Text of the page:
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ATO to further scrutinise 1.7 million property investors

by Kyle Robbins11 minute read

The tax office will collect residential investment property loan data, as part of a regular review. 

As part of a regular review of returns related to rental property landlords, the ATO will collect residential investment property loan data (RIPL) on 1.7 million individuals.

The data matching program, which sees the ATO able to obtain data from 17 banks, including ANZ, St George, NAB, and Westpac, as well as their subsidiaries as part of their data collection, reportedly covers the majority of the rental property market.

According to the ATO’s website, estimates from the 2019–2020 financial year postulated a net tax gap of $9 billion for individuals not in business, with rental property risks accounting for 14 per cent of this gap.


Information provided to our sister brand SPI by the ATO showed the agency “has embarked on a process to collect data that can be used to help individual taxpayers get their tax return right in the first place, as well as better target those individuals who may be under-reporting their income or overclaiming deductions.”

With the rental component of the individuals tax gap believed to be approximately $1.3 billion, the ATO noted the most common reasons for adjustments to rental items on a tax return include:

- No or incorrect apportionment of the loan interest costs where the loan was refinanced for private purposes

- Claiming costs as repair rather than a capital works deduction

- Not apportioning expenses for private use of the property

Collecting RIPL data allows the ATO to gain insights that would assist the development and implementation of voluntary compliance improving strategies, including updating guidance products or other educational engagement, undertake compliance activities against taxpayers incorrectly claiming a deduction for interest on loans or borrowing expenses, and strengthening community confidence by helping ensure taxpayers are meeting their tax obligations.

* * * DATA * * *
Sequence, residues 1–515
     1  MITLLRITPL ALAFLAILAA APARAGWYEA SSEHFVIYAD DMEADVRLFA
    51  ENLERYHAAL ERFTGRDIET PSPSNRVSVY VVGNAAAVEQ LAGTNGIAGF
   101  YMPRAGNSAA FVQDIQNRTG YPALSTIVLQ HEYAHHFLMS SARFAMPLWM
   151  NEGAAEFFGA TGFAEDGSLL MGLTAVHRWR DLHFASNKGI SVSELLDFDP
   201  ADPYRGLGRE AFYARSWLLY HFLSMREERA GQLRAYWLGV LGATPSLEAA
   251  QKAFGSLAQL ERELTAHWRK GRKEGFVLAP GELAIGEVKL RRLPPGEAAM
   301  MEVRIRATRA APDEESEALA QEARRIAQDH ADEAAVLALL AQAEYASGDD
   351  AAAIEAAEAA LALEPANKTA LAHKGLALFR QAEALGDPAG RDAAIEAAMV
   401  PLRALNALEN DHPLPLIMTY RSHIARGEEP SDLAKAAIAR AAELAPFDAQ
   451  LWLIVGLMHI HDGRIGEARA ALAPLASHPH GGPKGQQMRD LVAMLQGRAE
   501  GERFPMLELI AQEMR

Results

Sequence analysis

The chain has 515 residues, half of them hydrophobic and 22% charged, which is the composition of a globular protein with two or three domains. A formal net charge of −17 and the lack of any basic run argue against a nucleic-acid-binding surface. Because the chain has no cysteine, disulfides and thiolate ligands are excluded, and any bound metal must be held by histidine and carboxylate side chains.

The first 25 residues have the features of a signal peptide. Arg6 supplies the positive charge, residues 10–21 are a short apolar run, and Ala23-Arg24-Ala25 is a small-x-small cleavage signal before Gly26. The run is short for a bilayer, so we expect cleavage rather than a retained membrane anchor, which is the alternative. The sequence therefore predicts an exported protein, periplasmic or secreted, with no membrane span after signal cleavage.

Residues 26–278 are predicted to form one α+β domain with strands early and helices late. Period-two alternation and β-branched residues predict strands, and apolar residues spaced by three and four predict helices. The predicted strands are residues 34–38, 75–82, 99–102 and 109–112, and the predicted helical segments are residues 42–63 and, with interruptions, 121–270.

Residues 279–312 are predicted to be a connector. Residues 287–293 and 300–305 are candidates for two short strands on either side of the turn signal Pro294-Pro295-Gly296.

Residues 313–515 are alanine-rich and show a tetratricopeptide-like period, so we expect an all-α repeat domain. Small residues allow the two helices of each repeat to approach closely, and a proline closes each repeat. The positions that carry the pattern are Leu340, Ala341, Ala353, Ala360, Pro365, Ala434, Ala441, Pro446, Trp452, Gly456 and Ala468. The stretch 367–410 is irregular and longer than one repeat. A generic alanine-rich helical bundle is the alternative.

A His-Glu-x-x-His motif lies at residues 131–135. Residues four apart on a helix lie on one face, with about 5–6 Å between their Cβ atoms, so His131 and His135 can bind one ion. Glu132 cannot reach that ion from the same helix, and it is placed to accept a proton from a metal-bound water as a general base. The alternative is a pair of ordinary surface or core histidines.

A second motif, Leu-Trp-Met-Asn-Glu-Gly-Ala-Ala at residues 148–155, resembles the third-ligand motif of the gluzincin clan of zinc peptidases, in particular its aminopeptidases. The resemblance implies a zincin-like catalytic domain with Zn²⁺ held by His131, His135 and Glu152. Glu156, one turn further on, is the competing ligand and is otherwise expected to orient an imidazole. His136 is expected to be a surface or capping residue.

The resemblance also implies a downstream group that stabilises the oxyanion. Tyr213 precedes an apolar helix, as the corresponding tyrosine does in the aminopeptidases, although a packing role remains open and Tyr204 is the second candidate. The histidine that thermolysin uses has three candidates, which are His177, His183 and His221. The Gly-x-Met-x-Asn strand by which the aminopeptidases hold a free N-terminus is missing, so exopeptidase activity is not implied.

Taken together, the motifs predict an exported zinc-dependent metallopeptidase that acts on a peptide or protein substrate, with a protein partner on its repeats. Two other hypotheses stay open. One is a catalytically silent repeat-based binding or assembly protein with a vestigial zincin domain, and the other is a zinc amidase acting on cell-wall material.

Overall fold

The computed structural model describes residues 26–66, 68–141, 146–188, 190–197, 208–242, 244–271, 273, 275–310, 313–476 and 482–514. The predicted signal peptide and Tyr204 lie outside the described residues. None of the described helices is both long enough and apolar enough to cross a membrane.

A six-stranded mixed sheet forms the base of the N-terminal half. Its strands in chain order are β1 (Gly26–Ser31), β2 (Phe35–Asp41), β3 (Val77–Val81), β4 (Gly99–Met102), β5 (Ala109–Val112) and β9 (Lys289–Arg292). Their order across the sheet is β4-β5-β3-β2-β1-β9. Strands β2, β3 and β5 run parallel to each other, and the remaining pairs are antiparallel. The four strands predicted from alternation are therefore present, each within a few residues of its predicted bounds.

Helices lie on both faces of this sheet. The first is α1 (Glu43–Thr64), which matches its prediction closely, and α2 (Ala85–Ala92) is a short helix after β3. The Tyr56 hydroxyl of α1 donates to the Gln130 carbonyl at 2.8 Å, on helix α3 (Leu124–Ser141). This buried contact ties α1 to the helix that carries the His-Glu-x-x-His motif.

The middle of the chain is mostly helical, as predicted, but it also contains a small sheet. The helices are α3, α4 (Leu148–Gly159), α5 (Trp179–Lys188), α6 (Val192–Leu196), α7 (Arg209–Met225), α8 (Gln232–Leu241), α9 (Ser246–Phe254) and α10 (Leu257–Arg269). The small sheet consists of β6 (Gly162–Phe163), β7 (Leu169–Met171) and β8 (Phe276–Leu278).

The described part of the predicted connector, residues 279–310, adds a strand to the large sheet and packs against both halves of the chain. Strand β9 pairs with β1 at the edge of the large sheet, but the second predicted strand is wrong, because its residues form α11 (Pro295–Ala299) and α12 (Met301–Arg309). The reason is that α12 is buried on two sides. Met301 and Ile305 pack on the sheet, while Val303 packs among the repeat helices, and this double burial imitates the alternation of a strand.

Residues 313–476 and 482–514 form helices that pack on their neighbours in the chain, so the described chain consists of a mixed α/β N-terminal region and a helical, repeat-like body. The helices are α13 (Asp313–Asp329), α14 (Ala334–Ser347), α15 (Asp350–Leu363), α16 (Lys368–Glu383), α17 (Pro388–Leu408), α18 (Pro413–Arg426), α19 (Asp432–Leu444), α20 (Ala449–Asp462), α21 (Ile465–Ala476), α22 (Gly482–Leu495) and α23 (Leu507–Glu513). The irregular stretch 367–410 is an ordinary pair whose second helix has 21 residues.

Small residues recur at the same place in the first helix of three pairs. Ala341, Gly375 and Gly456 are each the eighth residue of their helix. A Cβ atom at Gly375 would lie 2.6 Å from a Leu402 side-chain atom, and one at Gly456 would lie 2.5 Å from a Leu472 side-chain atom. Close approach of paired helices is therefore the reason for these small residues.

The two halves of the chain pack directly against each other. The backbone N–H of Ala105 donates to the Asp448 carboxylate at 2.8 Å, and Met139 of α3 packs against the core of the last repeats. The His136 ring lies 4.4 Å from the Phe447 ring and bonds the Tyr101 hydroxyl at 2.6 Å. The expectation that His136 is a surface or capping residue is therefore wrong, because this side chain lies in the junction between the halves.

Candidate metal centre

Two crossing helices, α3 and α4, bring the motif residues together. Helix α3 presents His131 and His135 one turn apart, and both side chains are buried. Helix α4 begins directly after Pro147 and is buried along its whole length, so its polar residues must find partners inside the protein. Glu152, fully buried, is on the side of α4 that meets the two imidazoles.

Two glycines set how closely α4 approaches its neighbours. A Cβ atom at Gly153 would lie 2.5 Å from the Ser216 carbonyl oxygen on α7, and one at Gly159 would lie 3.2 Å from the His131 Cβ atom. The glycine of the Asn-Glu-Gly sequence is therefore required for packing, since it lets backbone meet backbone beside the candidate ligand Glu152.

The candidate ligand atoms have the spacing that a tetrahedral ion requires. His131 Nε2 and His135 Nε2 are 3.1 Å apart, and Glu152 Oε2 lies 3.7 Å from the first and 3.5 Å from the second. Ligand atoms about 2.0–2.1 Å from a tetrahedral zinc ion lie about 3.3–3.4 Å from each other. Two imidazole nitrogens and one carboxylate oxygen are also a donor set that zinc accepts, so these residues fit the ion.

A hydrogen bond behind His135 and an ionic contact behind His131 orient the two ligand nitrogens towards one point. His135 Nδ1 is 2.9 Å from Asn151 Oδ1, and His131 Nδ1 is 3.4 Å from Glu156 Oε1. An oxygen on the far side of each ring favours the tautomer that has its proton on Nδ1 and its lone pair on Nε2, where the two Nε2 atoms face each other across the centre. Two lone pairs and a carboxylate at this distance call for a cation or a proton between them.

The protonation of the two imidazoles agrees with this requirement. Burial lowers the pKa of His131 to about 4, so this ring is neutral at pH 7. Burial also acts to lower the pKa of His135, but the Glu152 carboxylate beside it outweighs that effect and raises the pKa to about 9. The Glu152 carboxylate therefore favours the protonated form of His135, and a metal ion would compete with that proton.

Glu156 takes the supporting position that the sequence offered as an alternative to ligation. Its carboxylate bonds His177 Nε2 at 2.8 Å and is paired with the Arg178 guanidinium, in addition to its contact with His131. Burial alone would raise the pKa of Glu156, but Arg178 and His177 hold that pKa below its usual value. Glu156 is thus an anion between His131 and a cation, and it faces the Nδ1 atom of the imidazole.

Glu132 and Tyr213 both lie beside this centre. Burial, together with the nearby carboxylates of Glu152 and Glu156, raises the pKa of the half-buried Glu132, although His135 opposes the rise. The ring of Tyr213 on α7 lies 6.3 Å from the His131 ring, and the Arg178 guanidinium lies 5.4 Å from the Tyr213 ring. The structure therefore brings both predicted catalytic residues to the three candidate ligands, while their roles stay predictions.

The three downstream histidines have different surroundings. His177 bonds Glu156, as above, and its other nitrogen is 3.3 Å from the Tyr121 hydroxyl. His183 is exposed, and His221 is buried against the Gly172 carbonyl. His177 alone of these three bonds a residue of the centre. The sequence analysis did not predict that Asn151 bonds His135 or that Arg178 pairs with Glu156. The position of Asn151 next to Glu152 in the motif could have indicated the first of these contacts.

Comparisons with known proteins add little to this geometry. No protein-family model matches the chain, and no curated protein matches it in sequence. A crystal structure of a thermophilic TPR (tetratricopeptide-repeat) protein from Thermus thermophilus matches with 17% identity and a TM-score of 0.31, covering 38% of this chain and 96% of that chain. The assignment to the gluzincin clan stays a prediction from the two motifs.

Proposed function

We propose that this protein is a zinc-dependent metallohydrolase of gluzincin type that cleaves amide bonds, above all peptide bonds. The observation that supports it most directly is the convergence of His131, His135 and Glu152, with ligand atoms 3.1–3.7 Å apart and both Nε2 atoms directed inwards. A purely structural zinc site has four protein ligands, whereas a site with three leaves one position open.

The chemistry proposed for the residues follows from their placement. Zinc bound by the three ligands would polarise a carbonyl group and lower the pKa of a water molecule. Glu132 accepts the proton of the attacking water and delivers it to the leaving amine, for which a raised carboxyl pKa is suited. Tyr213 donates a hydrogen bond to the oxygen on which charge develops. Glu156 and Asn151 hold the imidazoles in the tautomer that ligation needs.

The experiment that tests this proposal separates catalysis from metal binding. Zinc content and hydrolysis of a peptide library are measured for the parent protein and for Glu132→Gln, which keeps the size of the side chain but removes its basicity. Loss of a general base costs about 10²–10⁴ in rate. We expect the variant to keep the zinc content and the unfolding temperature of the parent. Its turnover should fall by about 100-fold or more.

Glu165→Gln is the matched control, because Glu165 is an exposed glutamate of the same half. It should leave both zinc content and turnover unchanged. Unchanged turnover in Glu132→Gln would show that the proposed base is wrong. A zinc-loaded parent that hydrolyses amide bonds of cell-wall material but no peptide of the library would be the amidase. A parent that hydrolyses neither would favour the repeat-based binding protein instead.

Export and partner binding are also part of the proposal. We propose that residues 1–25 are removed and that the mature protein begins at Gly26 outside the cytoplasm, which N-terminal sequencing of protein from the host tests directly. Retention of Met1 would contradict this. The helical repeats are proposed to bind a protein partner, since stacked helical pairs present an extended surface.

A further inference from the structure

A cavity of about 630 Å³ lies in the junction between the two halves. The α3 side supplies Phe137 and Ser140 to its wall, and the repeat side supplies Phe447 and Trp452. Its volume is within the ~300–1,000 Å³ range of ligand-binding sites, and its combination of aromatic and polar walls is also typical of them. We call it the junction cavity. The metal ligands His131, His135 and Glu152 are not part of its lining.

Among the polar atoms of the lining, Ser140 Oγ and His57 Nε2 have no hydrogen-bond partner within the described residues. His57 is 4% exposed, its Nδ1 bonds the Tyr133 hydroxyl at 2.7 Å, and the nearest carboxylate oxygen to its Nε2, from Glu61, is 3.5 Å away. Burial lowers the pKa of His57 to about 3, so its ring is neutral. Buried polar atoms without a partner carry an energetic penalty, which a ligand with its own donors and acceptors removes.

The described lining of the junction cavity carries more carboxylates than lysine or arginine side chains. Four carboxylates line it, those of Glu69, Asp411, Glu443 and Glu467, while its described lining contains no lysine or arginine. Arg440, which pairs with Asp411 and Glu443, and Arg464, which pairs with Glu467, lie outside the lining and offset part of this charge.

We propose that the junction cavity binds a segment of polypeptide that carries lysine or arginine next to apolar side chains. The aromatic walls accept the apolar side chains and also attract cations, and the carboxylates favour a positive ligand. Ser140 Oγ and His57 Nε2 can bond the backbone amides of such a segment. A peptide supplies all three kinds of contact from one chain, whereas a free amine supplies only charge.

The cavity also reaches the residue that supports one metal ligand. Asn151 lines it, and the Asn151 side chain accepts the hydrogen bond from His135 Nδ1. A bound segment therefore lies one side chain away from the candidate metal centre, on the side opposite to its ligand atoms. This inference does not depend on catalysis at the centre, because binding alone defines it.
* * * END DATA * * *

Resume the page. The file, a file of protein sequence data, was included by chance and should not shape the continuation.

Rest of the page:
According to the ATO’s website, “failure to address non-compliant behaviour has the potential to undermine community confidence in the integrity of the tax and superannuation systems and our capability to administer those systems.”

Following collection, the RIPL data will be matched against ATO records, including rental schedules and income tax return labels, to identify and address a number of taxation risks such as income tax – revolving around the correct reporting of rental income, expenses and associated costs – capital gains tax (CGT) to confirm investors are meeting their CGT obligations when selling properties used to generate income, and lodgement – verifying owners of rental properties are lodging income tax returns.

The ATO explained the “RIPL program is part of a broader suite of data-matching programs that includes property management and will soon include landlords’ insurance, allowing us to address several taxation risks in the investment property market.”

According to reports, 2.4 million individuals claimed $51.3 billion in rental deductions in the 2019–2020 financial year, providing an approximate $18.6 billion tax bill reduction.

[Related: ATO cash grab could spark further insolvencies]

ato still new ta da lfp


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